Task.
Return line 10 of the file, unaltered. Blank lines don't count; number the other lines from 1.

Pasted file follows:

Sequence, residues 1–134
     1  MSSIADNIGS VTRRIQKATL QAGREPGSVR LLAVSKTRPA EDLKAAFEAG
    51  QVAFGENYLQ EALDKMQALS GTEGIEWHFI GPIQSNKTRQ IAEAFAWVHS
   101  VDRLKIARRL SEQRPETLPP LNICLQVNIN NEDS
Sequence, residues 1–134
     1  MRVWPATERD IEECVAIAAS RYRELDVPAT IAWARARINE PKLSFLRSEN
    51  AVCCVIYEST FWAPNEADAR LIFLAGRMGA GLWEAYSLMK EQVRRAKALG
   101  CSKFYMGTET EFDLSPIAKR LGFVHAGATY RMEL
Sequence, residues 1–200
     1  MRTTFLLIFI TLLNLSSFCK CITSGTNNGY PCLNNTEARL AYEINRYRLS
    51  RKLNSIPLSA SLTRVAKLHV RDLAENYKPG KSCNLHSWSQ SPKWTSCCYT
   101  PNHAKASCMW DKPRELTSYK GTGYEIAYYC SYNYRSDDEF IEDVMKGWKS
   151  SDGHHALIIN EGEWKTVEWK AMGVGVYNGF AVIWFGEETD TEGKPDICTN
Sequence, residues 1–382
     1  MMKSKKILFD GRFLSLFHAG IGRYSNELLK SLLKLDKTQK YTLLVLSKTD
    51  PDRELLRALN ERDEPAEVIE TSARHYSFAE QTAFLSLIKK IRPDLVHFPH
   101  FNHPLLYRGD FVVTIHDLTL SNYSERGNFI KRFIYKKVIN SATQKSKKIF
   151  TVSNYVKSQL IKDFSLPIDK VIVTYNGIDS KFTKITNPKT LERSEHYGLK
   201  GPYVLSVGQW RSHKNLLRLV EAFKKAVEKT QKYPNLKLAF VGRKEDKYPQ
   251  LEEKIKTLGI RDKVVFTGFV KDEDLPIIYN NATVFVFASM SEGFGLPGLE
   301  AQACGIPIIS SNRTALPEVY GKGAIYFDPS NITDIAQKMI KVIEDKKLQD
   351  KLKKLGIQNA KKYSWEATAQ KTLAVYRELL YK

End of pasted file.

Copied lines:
     1  MRTTFLLIFI TLLNLSSFCK CITSGTNNGY PCLNNTEARL AYEINRYRLS